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Board addresses protocols for donation after cardiac death

St. Louis, Mo. -- The OPTN/UNOS Board of Directors, at its meeting today, adopted a set of "model elements" for consideration by member organizations who have protocols or are establishing protocols to recover organs from donors after cardiac death (DCD).

"Donation after cardiac death is an effective and ethically sound way to honor the wishes of donors and donor families and meet the increasing need for transplant candidates," said Sue V. McDiarmid, M.D., president of UNOS and the OPTN and chair of the OPTN/UNOS Board of Directors. "Our hospitals should place the highest priority on providing this option as a component of end of life care. It is important for everyone involved in DCD recovery to act consistently and with sensitivity for the wishes of the potential donor and the donor family. The model elements are meant to give consistent direction for DCD protocols, without attempting to prescribe specific medical practice of organ procurement organizations and hospitals."

The elements include a series of points in the DCD process including potential donor selection, donation consent, withdrawal of life-sustaining measures, pronouncement of death and organ recovery. As with all donations, the model elements also call on organ procurement organizations to ensure that no donation-related financial charges are passed to the donor family. The elements also include resource information addressing clinical and legal aspects of DCD donation.

In other action, the Board adopted new OPTN bylaw requirements regarding standards for primary physicians and surgeons at transplant centers. (As a condition of OPTN membership, each transplant program must identify at least one physician and one surgeon on staff who meet specific training and experience requirements.)

Several provisions addressed onsite medical availability of transplant surgeons and physicians. Among the new modifications, a transplant surgeon or physician may not be on call at two transplant programs more than 30 miles apart unless the specific circumstances have been reviewed and approved by the OPTN/UNOS Membership and Professional Standards Committee (MPSC). The bylaws also do not allow the same person to be named the primary transplant surgeon or physician at more than one transplant center, unless each of the facilities identify additional surgeons or physicians who can independently manage transplant patient care or unless the MPSC grants a specific exemption.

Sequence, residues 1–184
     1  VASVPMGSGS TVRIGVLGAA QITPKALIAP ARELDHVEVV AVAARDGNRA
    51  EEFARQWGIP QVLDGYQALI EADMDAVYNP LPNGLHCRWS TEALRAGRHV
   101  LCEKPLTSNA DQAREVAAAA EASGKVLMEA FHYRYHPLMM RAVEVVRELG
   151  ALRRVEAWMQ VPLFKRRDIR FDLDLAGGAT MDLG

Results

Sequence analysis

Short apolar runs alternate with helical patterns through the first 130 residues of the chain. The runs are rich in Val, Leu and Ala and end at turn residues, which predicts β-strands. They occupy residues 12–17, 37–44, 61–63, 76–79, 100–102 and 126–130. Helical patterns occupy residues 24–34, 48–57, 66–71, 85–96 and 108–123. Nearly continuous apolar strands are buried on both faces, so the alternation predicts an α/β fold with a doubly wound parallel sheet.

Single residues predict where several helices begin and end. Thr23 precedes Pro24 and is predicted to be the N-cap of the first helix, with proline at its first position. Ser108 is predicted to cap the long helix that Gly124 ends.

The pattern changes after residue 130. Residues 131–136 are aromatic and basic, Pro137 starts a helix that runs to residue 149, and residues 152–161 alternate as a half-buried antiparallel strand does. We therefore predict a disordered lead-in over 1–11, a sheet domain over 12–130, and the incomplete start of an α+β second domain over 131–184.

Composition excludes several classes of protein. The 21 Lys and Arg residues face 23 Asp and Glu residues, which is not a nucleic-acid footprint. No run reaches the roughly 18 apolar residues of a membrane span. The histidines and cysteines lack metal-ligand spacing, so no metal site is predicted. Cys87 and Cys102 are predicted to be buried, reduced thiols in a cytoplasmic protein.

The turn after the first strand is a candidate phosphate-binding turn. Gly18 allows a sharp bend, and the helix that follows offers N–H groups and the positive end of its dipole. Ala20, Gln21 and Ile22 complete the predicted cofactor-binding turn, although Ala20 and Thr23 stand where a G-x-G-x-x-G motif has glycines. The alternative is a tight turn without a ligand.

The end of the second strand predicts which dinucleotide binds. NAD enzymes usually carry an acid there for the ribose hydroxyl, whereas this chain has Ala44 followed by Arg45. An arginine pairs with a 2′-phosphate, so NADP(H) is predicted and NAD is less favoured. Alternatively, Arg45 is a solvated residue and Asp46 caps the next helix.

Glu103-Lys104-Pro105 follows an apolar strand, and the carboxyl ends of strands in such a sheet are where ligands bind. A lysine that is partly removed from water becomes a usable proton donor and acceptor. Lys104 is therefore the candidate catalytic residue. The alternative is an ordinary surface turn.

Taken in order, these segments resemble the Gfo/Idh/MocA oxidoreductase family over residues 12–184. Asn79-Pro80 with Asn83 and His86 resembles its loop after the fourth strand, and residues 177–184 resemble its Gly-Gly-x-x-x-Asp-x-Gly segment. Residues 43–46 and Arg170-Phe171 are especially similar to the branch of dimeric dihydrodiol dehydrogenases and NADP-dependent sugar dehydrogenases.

Other bylaw modifications addressed the potential of a transplant physician or surgeon relocating from a program involved in a prior situation resulting in OPTN adverse action. In that circumstance, the transplant hospital where the person is relocating may be requested to conduct investigations according to their peer review protocol and report back to the OPTN. In related action, the OPTN will require more detailed letters of recommendation for any individual the member organization names in an application to be a primary surgeon or physician.

"A hospital is responsible for its own credentialing of physicians and surgeons," said Tim Pruett, M.D., OPTN/UNOS Vice President and Chair of the MPSC. "Our intent is to ask a hospital to look into issues if a surgeon or physician relocates from a program where concerns have been raised, and for the hospital to inform us of the fact."

The Organ Procurement and Transplantation Network (OPTN) is operated under contract with the U.S. Department of Health and Human Services, Health Resources and Services Administration, Division of Transplantation by the United Network for Organ Sharing (UNOS). The OPTN brings together medical professionals, transplant recipients and donor families to develop organ transplantation policy.